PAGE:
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Army berets won't be made in China

WASHINGTON -- A flap over the Army's plan to buy more than 600,000 black berets with "made in China" labels has been put to rest by the Pentagon's number two civilian leader.

"U.S. troops shall not wear berets made in China, or berets made with Chinese content" - Pentagon statement (Read the complete statement - requires Adobe Acrobat)

Deputy Defense Secretary Paul Wolfowitz Tuesday said the berets won't be made in Communist China. The announcement drove a stake through the heart of a plan by Army Chief of Staff Eric Shinseki to distribute 1.4 million black berets to soldiers by June 14, which is the Army's birthday.

"The Army Chief of Staff has determined that U.S. troops shall not wear berets made in China, or berets made with Chinese content," the statement says.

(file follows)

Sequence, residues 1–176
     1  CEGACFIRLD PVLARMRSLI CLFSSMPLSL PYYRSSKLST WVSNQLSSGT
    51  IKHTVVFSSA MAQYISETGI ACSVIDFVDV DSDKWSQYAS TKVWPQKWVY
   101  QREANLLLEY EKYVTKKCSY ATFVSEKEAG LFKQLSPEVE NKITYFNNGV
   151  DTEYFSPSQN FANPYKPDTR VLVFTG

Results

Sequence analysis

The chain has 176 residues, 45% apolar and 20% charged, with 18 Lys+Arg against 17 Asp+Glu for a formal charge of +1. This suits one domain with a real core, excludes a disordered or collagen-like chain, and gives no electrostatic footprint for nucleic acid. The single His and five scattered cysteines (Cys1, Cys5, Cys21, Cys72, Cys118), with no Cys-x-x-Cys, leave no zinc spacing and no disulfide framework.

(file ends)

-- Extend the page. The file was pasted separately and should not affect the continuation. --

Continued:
"I direct the Army and the Defense Logistics Agency to take appropriate action to recall previously distributed berets and dispose of the stock" already purchased, Wolfowitz statement said.

The blunt death blow to the controversial decision to buy the Chinese-made berets will lay to rest a sore point with conservatives in Congress.

Soldiers will still wear the black berets, which were until now the exclusive domain of the Army's elite Ranger units, but berets made in Communist China will be excluded from the purchasing program.

Army may delay beret change after ordering glitch
March 16, 2001
Ex-Ranger walks 750 miles to Washington for beret protest
March 10, 2001

U.S. Army

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